Of course there was no school the day after the storm. With my mother, my brother and I were driven to Montauk. My brother gathered a small carry bag of tools in case there was a shipwreck.
The three of us got into the Buick and proceeded to Montauk. As we came of the high ground at Amagansett to go across the Napeague Beach, there were some cars and a truck idling on the Napeague at a small pond or a large puddle in the west lane. No one was on the road east. My mother just barreled through the standing water, which sprayed all over. The other cars honked their horns and yelled! Mom paid no attention and off we went! The Napeague stretch was dry.
We drove to the "old fishing village," where our mother had spent her childhood. Everything seemed to be in order. No boats ashore! We then drove over to Lake Montauk, or Montauk harbor where the Yacht Club is. Fishing boats that had been moored at the docks on the west side of the harbor had been pushed over to the east side, high and dry on piles of sand. Emerson Tabor's boat was there, in its dry dock.
Emerson was my mother's childhood friend — they had gone to grade school together on Montauk. Emerson tells of his experience. He was in his house in Rod's valley when he got a phone call: "You had better come and get on your boat as the water is rising." Emerson got in his coupe to drive over to the dock. He stopped by the post office and picked up his mail, and the grocery store to get a couple of pork chops for dinner. He parked his car on the bay side of the dock at Lake Montauk.
Other men were there, running their engines to keep the boats in place alongside the dock, even though they were securely tied to the dock. This would relieve some of the strain on the hawsers tying the boat. The lobster boats and beam trawlers were unceremoniously floated across the harbor and channel and eventually nestled in to the sand dunes on the east side. East Lake Drive didn't go that far. The town had to build a road to the area so that the derrick and steam shovels could have access and get the boats back into the water. This, of course, happened many days after the storm.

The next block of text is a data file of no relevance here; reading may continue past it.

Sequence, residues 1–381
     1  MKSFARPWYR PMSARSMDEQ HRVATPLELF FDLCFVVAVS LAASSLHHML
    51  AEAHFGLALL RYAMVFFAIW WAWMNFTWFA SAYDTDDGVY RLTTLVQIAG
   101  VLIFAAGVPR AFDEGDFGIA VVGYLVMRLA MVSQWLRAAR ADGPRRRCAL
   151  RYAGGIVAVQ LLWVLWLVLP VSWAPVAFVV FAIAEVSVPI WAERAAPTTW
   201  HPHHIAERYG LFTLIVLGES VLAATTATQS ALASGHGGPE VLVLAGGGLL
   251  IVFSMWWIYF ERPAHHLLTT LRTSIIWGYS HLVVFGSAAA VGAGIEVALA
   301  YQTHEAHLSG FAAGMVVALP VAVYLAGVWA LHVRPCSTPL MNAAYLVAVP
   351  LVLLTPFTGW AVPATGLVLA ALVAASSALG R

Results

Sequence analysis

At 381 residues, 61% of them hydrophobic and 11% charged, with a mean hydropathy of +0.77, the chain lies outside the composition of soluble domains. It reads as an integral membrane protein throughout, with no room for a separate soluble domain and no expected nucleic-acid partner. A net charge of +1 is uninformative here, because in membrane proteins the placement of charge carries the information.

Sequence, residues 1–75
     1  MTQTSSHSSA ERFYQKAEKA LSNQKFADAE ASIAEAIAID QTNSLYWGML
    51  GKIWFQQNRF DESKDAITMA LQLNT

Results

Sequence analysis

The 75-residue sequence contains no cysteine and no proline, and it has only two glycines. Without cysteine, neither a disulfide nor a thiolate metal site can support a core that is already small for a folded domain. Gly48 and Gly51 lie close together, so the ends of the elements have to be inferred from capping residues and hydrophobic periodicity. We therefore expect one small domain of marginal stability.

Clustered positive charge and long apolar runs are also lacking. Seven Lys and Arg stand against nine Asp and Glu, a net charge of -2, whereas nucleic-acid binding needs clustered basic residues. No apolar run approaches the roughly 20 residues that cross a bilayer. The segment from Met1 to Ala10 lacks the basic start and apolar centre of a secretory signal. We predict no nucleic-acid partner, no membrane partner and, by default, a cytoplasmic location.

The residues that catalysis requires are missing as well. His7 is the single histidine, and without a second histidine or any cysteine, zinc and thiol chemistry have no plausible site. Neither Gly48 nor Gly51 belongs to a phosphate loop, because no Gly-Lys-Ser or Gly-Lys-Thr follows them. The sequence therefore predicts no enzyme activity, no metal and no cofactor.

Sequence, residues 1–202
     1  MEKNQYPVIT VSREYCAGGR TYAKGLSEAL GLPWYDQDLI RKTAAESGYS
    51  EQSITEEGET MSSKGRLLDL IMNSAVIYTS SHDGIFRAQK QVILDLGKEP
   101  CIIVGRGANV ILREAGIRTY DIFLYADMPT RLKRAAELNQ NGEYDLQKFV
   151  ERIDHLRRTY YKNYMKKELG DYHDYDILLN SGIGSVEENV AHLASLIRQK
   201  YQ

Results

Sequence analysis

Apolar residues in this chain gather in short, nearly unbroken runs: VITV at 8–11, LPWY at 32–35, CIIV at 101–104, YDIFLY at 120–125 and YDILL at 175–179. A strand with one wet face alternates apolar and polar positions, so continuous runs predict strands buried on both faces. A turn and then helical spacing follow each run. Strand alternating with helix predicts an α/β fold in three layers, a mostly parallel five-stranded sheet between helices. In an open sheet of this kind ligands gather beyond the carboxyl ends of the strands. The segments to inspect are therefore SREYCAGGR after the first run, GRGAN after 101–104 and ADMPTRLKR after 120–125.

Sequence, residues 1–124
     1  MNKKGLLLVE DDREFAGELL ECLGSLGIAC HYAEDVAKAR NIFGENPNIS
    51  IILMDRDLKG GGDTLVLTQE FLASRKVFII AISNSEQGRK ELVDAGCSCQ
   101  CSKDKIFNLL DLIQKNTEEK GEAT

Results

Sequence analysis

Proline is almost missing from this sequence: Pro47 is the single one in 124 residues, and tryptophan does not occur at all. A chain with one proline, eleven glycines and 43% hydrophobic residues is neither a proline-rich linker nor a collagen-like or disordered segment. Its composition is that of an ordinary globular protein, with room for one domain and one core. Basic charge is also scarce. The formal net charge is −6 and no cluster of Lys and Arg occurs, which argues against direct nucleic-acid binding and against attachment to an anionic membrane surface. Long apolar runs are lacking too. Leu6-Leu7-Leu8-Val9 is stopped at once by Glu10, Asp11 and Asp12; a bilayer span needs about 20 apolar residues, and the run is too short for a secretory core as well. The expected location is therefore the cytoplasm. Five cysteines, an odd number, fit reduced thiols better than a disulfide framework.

But what about Emerson's coupe next to the dock? The water swirled around so much, it ate away the sand where the car was parked, and the car was dropped deep into the bottom of the harbor, along with the pork chops and mail!
We drove home along the ocean road. There were no shipwrecks! The fishing village was not wiped out. That was done by the USA Navy, who also demolished two very large docks on the bay to build their naval station. Owners of the house had to move them.
The Springs Historical Society has a film of the destruction, mostly of the trees blown down and men with chainsaws cutting them up. The two elms in front of Nan Barnes house were pushed onto her roof!